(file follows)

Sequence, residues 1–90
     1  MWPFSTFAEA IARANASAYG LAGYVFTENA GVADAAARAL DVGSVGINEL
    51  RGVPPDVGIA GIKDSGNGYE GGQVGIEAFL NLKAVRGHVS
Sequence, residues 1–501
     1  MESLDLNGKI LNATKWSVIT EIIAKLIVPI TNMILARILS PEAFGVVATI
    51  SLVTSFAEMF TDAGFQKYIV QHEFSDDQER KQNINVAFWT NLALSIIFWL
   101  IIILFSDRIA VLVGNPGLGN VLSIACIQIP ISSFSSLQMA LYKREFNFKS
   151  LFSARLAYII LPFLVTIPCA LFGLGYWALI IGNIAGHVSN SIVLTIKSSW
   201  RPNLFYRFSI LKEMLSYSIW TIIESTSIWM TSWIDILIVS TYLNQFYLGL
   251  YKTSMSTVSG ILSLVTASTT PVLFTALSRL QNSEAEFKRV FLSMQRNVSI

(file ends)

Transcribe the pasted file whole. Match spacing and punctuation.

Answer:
Sequence, residues 1–90
     1  MWPFSTFAEA IARANASAYG LAGYVFTENA GVADAAARAL DVGSVGINEL
    51  RGVPPDVGIA GIKDSGNGYE GGQVGIEAFL NLKAVRGHVS
Sequence, residues 1–501
     1  MESLDLNGKI LNATKWSVIT EIIAKLIVPI TNMILARILS PEAFGVVATI
    51  SLVTSFAEMF TDAGFQKYIV QHEFSDDQER KQNINVAFWT NLALSIIFWL
   101  IIILFSDRIA VLVGNPGLGN VLSIACIQIP ISSFSSLQMA LYKREFNFKS
   151  LFSARLAYII LPFLVTIPCA LFGLGYWALI IGNIAGHVSN SIVLTIKSSW
   201  RPNLFYRFSI LKEMLSYSIW TIIESTSIWM TSWIDILIVS TYLNQFYLGL
   251  YKTSMSTVSG ILSLVTASTT PVLFTALSRL QNSEAEFKRV FLSMQRNVSI